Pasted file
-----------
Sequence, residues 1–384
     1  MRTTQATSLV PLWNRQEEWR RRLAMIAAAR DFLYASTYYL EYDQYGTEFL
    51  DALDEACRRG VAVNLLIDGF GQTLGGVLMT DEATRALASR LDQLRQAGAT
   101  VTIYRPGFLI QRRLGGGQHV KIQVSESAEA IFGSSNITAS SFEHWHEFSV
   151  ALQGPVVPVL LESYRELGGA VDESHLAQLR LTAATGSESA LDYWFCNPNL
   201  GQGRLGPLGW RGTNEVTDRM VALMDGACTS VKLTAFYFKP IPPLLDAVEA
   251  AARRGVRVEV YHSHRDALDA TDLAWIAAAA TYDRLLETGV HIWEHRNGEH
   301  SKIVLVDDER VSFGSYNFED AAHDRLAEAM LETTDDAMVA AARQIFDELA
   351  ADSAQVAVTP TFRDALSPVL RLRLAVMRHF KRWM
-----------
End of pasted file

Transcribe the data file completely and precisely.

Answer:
Sequence, residues 1–384
     1  MRTTQATSLV PLWNRQEEWR RRLAMIAAAR DFLYASTYYL EYDQYGTEFL
    51  DALDEACRRG VAVNLLIDGF GQTLGGVLMT DEATRALASR LDQLRQAGAT
   101  VTIYRPGFLI QRRLGGGQHV KIQVSESAEA IFGSSNITAS SFEHWHEFSV
   151  ALQGPVVPVL LESYRELGGA VDESHLAQLR LTAATGSESA LDYWFCNPNL
   201  GQGRLGPLGW RGTNEVTDRM VALMDGACTS VKLTAFYFKP IPPLLDAVEA
   251  AARRGVRVEV YHSHRDALDA TDLAWIAAAA TYDRLLETGV HIWEHRNGEH
   301  SKIVLVDDER VSFGSYNFED AAHDRLAEAM LETTDDAMVA AARQIFDELA
   351  ADSAQVAVTP TFRDALSPVL RLRLAVMRHF KRWM